Rocky Mountain Vibes: 137,294
2018: 31,086 (playing as the Helena Brewers at Kindrick Legion Field)
Colorado Springs was a key player in a game of Minor League musical chairs that took place prior to the 2019 season, all involving teams owned by the Elmore Sports Group. The Triple-A Colorado Springs Sky Sox relocated to San Antonio, where they became the Missions. The previously existing Double-A San Antonio Missions moved to Amarillo as the Sod Poodles, while the Pioneer League's Helena Brewers relocated to Colorado Springs and rebranded as the Rocky Mountain Vibes. This move, which tied into the subsequent two entries in this article, worked out for all the entities involved. The Vibes, a Rookie Advanced Milwaukee affiliate playing at what had been the Sky Sox's former home of UC Health Field (previously known as Security Service Field), finished second in the Pioneer League in attendance. Their average crowd of 3,923 was comparable to what the Sky Sox had drawn the previous season at the same ballpark (4,104). It was over four times larger than the 840 average that the Helena Brewers mustered before relocating to Colorado Springs.
Amarillo Sod Poodles: 427,791
2018: 327,276 (playing as the San Antonio Missions at Nelson W. Wolff Municipal Stadium)
Prior to the arrival of the Sod Poodles, Amarillo hadn't fielded an affiliated team since 1982. That team, the Gold Sox, was -- like the Sod Poodles -- a Double-A Texas League San Diego Padres affiliate. The Soddies, as they are affectionately known throughout the region, finished second in the league in attendance behind the perennial powerhouse that is the Frisco RoughRiders. Their home of HODGETOWN quickly gained a reputation for having a raucous atmosphere; the team's fervent supporters were rewarded with a postseason bid that culminated in a Texas League championship. As mentioned in the entry above, the Sod Poodles replaced the San Antonio Missions in the Texas League.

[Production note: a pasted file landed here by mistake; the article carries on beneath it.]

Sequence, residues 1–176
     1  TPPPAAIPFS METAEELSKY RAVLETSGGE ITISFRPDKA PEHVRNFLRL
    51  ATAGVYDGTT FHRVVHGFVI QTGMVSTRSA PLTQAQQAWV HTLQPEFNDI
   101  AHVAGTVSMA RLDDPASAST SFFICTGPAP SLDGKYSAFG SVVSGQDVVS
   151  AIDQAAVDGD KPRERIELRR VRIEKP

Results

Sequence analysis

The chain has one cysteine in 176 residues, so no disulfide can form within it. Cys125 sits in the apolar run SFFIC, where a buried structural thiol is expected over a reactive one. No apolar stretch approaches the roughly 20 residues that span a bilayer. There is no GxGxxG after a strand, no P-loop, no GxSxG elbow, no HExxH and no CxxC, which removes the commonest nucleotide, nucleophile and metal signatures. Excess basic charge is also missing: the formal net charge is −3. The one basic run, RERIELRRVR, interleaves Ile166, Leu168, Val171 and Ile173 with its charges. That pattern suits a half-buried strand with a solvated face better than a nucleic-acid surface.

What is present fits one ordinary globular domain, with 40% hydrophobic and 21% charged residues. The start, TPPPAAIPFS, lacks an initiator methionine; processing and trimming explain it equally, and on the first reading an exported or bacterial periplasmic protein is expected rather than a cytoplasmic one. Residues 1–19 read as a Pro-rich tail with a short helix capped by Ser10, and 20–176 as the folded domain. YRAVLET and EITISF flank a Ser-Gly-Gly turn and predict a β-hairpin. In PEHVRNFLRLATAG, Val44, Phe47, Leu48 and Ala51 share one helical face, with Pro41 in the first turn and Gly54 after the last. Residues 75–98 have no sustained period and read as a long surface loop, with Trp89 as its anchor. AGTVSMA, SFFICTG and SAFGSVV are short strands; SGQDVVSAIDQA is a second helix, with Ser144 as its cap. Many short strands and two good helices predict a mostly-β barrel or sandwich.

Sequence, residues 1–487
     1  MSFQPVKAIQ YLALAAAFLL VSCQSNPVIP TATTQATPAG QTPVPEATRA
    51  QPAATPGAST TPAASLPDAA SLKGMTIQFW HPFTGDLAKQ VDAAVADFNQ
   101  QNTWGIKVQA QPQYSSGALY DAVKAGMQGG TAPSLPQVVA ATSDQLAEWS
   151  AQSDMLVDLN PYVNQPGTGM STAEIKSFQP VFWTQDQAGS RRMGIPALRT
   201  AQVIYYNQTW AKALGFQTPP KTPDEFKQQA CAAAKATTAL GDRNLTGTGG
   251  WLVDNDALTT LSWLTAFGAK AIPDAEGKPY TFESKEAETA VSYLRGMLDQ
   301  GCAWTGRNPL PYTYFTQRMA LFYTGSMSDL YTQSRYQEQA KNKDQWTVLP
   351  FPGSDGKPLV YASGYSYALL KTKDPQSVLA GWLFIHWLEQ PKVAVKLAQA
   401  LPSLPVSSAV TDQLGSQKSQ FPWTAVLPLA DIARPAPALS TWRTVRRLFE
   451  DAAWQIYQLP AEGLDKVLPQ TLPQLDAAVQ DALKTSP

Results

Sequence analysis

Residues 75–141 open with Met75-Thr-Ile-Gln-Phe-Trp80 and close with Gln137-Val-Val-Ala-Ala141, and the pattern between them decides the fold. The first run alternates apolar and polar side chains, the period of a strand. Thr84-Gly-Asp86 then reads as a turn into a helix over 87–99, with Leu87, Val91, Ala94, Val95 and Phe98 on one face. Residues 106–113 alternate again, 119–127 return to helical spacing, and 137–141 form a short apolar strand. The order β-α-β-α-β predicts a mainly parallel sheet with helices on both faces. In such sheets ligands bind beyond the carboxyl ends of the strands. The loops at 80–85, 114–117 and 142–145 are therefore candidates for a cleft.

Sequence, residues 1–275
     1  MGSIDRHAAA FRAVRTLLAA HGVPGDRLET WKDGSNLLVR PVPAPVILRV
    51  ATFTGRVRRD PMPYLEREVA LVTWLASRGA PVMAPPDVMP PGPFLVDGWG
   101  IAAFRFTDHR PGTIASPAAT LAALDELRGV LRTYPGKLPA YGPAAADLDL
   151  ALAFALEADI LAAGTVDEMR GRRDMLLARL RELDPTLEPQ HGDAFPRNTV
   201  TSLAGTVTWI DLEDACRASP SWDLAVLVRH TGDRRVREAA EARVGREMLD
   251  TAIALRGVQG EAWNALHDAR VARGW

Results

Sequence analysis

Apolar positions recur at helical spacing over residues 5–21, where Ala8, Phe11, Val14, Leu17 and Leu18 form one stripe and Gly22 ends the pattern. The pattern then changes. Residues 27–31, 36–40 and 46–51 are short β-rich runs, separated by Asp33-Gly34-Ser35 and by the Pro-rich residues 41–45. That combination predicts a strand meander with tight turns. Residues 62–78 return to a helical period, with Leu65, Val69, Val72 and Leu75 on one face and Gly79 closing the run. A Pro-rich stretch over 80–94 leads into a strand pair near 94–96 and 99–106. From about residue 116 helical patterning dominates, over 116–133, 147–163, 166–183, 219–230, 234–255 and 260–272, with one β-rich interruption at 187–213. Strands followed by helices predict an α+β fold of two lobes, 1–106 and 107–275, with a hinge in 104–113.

San Antonio Missions: 337,484
2018: 262,657 (playing as the Colorado Springs Sky Sox at Security Service Field)
The Double-A Missions moved to Amarillo, but San Antonio didn't miss a beat. The "new" Missions, previously the Colorado Springs Sky Sox, moved up a level of play and competed as Milwaukee's Triple-A affiliate in the Pacific Coast League. The uptick in skill level resulted in a slight uptick at the gate at Wolff Stadium as the Missions drew approximately 10,000 more fans than they did in 2018 (albeit while playing two more home dates). More significant was the fact the Missions drew approximately 75,000 more fans than the Sky Sox, whom they replaced in the Pacific Coast League.
The above five franchises combined to bring in 823,153 more fans than they did in 2018, representing approximately 78 percent of Minor League Baseball's overall 2019 attendance gain. Similar growth seems possible in 2020 as new ballparks are slated to open in Wichita, Kansas; Madison, Alabama; Kannapolis, North Carolina and Fredericksburg, Virginia.